During Monday’s Ask The Artist with Bruce Lyndon Cunningham, Bruce introduced us to his user-friendly guide to North American gymnosperms. While the guide created by Dr. Elray S. Nixon and Bruce can be used by beginning and experienced naturalists, what about the very youngest of naturalists? Are there books just for them? A teacher in the audience asked these questions on Monday.
Three books were shared with webinar participants.
Here are quick reviews of each…
Trees, Leaves, and Bark (Take-Along Guide)
Author: Diane L. Burns
Illustrator: Linda Garrow
An introduction to some of the trees growing in prairies, woodlands, swamps, and mountains. Each tree profile has information about how to find a tree, background into the tree’s lifespan and uses, and information about a tree’s leaves, bark, and seeds. The following activities are included in this book: Make a Leaf Mobile, Make a Pinecone Snackbar, Grow Your Own Tree, Make a Bark Rubbing.
Grade: 4-6, Age: 9-11
The Tree Book: For Kids and Their Grown-ups
Author: Gina Ingoglia
Illustrator: Gina Ingoglia
What goes on inside cones? Where does fruit come from? How do trees eat and drink? The answers to these questions can be found in this comprehensive resource created by Gina Ingoglia, the author of 80 childrens books, a landscape designer, and the vice president of the Brooklyn Botanic Garden Florilegium Society. After introducing young naturalists (and their grown-ups) to tree biology and tree identification, Ingoglia profiles 33 trees that are easily observed in neighborhoods, botanical gardens, or the local arboretum. Each tree profile is composed of background information about a tree, its growth, and the proper pronunciation of its scientific name. Like the plant names in our pocket dictionary, each species name is written out phonetically. Tree profiles also include a whole plant illustration and illustrations of leaves, flowers, fruit, leaf buds, needles, bark, and branches. If a characteristic is important to a tree’s identification, Ingoglia includes an illustration of this characteristic.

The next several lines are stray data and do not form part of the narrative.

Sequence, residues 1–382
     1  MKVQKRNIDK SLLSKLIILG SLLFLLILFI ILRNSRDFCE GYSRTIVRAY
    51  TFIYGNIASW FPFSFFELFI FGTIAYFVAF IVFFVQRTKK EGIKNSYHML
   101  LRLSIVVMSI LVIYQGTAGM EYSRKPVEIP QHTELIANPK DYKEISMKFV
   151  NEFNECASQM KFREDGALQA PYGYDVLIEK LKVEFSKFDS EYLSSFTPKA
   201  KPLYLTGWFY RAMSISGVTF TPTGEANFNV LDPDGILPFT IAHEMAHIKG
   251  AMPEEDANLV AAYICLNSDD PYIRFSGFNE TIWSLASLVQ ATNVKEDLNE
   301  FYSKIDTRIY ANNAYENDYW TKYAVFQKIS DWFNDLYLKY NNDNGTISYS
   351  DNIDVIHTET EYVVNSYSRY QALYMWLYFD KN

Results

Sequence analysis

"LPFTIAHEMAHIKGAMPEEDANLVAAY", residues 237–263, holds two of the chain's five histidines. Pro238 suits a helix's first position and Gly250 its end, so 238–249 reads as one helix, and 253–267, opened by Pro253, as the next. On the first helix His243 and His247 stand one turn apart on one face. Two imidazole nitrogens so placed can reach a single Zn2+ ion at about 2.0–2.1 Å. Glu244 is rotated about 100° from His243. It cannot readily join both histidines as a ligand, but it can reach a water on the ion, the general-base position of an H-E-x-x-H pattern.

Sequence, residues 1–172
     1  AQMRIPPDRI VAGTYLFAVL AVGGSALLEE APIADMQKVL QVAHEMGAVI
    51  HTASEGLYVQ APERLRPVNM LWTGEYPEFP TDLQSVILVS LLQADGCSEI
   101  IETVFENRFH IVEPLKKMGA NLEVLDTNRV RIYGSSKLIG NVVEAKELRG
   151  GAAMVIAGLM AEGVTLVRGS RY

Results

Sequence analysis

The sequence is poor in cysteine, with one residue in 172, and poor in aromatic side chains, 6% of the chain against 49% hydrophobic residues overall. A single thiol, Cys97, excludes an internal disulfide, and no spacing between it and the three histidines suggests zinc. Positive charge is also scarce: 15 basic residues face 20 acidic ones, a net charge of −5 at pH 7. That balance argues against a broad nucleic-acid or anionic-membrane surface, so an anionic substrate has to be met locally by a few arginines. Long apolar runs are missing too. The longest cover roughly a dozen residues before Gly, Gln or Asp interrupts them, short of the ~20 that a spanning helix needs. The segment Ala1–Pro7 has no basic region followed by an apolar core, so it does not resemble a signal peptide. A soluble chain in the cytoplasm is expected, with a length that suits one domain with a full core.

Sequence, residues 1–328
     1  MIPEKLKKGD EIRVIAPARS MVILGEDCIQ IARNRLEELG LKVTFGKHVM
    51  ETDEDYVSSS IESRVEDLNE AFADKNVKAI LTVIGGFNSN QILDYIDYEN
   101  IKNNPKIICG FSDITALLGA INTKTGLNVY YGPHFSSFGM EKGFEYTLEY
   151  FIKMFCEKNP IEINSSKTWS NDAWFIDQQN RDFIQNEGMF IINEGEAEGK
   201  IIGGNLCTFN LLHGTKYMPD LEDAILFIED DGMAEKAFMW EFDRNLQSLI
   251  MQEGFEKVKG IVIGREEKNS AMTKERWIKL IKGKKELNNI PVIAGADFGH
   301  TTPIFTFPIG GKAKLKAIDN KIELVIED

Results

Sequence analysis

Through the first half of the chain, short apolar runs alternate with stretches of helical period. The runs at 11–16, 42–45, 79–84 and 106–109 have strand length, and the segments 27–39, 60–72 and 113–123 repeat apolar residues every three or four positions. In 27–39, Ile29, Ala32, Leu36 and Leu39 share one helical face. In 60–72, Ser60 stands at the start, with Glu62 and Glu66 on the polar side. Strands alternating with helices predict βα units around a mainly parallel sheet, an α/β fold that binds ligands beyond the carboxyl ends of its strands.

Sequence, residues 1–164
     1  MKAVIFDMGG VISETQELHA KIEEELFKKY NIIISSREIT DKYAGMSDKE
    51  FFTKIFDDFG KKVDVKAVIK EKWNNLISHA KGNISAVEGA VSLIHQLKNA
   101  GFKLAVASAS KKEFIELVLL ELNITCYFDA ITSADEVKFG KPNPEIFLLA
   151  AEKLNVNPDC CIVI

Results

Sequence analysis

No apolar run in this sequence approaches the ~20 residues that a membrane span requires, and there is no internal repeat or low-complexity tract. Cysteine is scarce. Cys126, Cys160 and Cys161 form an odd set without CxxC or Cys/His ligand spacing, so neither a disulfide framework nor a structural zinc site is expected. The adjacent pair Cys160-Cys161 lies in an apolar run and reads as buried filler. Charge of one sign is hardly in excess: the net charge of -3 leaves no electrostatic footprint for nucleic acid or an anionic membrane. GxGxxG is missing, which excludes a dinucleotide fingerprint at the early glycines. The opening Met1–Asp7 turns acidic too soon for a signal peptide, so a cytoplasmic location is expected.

Grade: 3-4, Age: 8-9
Laurency Holt Books
This clever introduction to trees lives up to the philosophy of “teach less, better.” Authors propose a four-step approach to becoming familiar with 15 trees commonly found in the United States. Actually, the “steps” are learning sequences, each dedicated to a specific topic and each building upon what was learned in the previous sequence. This book is fun for both children and adults. View an interactive demo on the publisher’s website.
Do you have a favorite book about trees?
Teachers, tell us what you use in your classroom.
Parents, tell us how you have introduced your children to trees.
Fellow Plant Enthusiasts, which helpful books about trees do you have in your library?
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